Sunday, January 25, 2015
YOLO COUNTY NEWS
99 CENTS

Babies in the womb can’t keep a secret anymore

MarionFranckW

By
From page A10 | March 02, 2014 |

* Editor’s note: Marion is taking the week off. This column first appeared in slightly different form in 2005.

“My friends look at me like I’m crazy, like it’s almost a sin or something,” said my niece, Traci, at her baby shower last weekend. “They ask me, ‘How can you stand not to know?'”

“Everybody in my birthing class knows,” added her cousin, also very pregnant, reporting on 12 couples. “Well, two don’t know. Not many.”

What are these young women talking about?

They’re discussing the biggest change in motherhood since I became a mother: knowing the sex of your unborn child.

Call me an old fuddy-duddy, but I don’t like this change.

I grew up with the movie-inspired image of the baby issuing from the mother’s womb to be held aloft triumphantly by a white-coated male doctor who triumphantly announces, “It’s a boy!” or “It’s a girl!”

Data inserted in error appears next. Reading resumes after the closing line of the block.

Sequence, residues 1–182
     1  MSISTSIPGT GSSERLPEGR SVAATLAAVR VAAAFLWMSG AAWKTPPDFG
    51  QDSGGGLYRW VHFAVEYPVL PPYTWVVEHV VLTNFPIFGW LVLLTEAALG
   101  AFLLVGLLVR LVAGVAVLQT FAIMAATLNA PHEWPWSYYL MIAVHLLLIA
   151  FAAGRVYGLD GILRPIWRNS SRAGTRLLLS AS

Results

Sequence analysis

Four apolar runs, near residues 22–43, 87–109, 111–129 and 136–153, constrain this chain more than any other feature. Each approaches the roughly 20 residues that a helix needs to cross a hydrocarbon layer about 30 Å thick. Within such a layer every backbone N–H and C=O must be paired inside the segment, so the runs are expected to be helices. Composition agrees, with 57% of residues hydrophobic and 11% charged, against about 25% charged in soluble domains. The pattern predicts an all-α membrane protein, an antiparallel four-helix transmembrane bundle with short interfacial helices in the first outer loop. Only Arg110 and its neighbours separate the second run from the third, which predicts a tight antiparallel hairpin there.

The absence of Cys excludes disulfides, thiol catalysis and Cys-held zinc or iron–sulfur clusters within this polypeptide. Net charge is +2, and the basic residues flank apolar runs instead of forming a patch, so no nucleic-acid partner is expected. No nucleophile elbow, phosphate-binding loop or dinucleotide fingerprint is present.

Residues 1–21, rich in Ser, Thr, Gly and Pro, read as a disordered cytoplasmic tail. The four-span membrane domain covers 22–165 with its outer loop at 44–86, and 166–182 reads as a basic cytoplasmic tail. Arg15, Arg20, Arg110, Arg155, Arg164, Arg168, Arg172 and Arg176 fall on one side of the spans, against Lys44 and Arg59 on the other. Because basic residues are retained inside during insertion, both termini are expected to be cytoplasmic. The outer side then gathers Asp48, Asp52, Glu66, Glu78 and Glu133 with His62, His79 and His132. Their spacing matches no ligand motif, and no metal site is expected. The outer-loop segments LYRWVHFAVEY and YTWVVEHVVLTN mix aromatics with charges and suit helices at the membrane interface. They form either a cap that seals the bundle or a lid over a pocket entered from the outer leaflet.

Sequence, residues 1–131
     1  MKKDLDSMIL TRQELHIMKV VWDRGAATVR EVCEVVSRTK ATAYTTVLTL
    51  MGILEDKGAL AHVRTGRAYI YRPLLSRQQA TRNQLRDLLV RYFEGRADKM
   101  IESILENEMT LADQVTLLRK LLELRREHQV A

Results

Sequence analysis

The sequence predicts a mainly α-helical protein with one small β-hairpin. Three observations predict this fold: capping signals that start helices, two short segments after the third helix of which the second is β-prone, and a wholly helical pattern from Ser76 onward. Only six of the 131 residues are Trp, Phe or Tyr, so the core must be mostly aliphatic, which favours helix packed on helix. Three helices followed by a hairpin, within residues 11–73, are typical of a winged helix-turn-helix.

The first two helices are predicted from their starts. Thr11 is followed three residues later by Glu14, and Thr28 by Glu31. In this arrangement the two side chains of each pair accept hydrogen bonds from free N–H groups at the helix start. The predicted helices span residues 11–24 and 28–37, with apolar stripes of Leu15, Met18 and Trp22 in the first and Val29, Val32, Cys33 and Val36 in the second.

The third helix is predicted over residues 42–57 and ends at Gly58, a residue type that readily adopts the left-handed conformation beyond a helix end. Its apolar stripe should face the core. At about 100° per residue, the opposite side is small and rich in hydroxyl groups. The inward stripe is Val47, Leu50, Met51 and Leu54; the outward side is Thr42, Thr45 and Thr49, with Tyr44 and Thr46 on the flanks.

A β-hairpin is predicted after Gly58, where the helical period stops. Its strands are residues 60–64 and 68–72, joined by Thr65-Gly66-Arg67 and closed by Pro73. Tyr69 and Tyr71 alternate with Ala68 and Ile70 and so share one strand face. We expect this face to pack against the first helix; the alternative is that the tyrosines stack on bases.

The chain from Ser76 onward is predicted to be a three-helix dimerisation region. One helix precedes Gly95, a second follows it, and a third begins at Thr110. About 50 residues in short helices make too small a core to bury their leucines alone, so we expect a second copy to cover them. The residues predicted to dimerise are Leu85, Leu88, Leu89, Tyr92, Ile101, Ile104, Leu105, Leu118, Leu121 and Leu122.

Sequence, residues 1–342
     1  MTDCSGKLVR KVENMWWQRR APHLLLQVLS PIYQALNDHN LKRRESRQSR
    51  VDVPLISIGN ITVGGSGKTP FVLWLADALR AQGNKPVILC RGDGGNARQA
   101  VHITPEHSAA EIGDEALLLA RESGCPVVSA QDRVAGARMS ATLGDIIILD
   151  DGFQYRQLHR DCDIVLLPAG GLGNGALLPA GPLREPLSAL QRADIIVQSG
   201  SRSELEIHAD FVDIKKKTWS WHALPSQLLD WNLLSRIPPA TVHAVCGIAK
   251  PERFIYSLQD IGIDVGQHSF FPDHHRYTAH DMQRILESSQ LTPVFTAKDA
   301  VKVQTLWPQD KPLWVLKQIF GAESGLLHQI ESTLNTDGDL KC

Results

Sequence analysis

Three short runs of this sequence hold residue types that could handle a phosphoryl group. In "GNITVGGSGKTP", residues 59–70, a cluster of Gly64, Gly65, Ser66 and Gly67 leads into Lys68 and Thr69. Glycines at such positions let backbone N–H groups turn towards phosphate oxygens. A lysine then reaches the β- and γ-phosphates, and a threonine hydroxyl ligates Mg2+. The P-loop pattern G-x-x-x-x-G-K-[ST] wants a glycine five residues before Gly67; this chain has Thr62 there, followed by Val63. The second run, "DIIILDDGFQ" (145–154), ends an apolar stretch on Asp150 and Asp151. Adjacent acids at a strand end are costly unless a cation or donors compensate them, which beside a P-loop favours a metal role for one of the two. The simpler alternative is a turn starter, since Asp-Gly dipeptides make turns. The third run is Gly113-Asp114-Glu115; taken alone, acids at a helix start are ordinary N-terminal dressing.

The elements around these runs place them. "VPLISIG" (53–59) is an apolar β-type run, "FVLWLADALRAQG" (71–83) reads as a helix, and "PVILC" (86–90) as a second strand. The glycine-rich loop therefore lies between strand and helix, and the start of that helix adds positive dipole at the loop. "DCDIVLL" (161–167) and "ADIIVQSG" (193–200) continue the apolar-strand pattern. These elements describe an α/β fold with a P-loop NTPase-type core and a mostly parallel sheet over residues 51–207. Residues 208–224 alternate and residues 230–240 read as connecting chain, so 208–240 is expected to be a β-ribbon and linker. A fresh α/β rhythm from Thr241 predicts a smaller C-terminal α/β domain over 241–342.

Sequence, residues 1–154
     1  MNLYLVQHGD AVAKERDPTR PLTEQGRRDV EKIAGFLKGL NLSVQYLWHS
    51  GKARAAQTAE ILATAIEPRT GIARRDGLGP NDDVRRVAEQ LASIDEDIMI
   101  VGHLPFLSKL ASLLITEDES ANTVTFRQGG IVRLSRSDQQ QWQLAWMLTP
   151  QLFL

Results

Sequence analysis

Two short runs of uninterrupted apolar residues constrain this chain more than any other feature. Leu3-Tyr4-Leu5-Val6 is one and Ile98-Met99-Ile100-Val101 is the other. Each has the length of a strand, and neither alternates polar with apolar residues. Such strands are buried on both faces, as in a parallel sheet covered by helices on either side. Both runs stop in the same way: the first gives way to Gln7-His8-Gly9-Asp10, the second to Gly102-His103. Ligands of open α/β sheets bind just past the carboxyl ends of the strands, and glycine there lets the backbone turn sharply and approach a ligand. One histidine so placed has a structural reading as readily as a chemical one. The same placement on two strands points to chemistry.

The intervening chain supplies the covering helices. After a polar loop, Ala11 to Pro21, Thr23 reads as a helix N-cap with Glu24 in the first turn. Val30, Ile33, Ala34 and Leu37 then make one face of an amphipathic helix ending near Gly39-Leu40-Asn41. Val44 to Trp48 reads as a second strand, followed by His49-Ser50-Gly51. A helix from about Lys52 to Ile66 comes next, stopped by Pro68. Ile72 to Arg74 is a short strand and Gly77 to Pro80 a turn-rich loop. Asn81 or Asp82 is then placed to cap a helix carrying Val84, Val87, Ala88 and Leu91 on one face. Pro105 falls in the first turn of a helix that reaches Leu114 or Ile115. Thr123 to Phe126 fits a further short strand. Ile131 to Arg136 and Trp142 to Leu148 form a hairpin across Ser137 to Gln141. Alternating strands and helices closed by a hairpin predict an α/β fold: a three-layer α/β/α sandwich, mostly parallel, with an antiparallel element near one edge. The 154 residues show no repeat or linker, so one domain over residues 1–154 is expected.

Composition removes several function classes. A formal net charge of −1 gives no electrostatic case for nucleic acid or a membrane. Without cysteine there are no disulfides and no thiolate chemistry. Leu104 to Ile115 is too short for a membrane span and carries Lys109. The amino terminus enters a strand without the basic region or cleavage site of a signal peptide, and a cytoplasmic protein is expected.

By the time I had my first child, this picture had changed.

In particular, the pre-natal period had become almost as dramatic as the birth itself. Older mothers like me were referred for high-stakes genetic testing, due to our greater risk of a baby with Down syndrome.

The test had the side effect of revealing the sex of the baby, but most parents didn’t focus on that. (The big issue was whether it was OK to have an abortion if a genetic defect was discovered.)

After our baby tested normal, my husband and I debated whether or not to ask the sex. We chose to be surprised, in part because the old fantasy scene sounded so good.

(In fact, the sex of our baby was announced by a green-garbed female midwife instead of a white-coated male doctor, but we got the thrill — it’s a girl! — as we hoped.)